A beamsplitter 33 is positioned behind the front opening 23. The beamsplitter is mounted on a generally triangular arm 34 which is pivotally mounted on a pin 35. The beamsplitter is a conventional dichroic device which reflects a portion of the light from the mirror 30, for example yellow light, to the eyepiece 24. The beamsplitter also allows a portion of the light which enters the front opening 23, for example blue light, to pass to the eyepiece.

When a remote object is viewed through the eyepiece, a double image of the object is seen. One image of the object is reflected to the eyepiece by the mirror 30 and the beamsplitter 33. A second image of the object is viewed directly through the beamsplitter in the front window 23. The two images can be brought into coincidence by rotating the beamsplitter 33 about pivot 35 relative to the mirror 30.

The position of the beamsplitter is controlled by an adjusting mechanism 37. The adjusting mechanism includes a shaft 38 which is rotatably mounted in the bottom housing for rotation about an axis which extends perpendicularly to the pivot axis of the beamsplitter 33 and perpendicularly to the light path into the eyepiece 24. A knob 39 is mounted on the end of the shaft and extends through slots 40 in the top and bottom housings so that the knob and adjusting shaft can be rotated by the user. The shaft is rotatably supported in semicircular grooves 41 and walls 42, 43, and 44 in the bottom housing and in corresponding walls in the top housing. A rib 44 extends radially along the knob 39 and is engageable with a stop shoulder 45 (FIG. 14) to limit rotation of the knob to one revolution.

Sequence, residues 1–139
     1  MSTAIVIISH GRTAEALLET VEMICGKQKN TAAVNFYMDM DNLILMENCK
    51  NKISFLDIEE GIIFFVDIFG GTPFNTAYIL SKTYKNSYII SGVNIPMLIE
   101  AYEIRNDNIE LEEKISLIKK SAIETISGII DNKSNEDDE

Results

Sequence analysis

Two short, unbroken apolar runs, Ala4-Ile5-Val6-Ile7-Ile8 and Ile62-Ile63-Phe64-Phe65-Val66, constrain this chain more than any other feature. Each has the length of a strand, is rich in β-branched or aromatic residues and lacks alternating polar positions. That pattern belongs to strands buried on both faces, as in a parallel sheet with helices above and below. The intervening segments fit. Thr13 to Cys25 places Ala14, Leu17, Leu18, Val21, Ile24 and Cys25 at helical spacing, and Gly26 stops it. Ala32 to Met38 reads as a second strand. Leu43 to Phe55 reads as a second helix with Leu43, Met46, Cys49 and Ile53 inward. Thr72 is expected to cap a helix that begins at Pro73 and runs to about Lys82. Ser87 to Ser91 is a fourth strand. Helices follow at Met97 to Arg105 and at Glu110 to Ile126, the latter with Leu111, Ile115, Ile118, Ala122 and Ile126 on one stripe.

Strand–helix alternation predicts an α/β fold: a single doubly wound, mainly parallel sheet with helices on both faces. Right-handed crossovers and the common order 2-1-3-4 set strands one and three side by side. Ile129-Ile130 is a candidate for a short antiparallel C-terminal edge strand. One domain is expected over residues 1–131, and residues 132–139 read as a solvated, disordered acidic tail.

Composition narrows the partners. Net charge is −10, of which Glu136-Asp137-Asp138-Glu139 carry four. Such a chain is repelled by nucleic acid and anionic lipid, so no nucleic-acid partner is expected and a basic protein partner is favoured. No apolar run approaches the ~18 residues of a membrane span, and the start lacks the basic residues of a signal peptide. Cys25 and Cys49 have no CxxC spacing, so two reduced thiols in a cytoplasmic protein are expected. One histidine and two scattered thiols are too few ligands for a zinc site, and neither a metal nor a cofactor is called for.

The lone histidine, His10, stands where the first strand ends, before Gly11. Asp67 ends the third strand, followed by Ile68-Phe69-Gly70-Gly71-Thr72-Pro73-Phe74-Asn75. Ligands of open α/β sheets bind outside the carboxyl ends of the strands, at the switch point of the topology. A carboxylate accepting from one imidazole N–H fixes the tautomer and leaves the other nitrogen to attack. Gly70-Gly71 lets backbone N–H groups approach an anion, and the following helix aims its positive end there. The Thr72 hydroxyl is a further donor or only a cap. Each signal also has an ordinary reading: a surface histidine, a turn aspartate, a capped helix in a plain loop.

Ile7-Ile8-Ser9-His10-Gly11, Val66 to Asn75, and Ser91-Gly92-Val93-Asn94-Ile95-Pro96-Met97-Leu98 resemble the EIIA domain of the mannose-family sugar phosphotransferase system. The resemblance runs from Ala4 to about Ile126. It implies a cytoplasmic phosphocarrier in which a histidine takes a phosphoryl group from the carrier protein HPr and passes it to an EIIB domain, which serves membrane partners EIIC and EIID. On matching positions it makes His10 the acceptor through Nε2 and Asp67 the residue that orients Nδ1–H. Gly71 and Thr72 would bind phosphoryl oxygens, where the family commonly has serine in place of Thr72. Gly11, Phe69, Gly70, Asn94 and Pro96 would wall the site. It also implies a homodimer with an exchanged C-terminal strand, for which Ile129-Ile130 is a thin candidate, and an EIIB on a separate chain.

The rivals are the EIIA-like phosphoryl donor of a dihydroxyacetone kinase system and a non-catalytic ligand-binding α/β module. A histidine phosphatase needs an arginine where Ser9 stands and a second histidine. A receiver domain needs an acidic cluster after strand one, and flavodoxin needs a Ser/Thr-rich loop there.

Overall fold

An adjusting screw 46 is threadedly engaged with a nut 47 which is mounted on a metal frame 48 which also supports the pivot pin 35. The frame includes a flat base 49 which is attached to the bottom housing by a screw 50 and a vertical wall 51 (FIG. 8) on which the nut 47 is mounted. The adjusting screw 46 is operatively connected to the adjusting shaft 38 by a clutch assembly 52 so that rotation of the shaft causes rotation of the screw.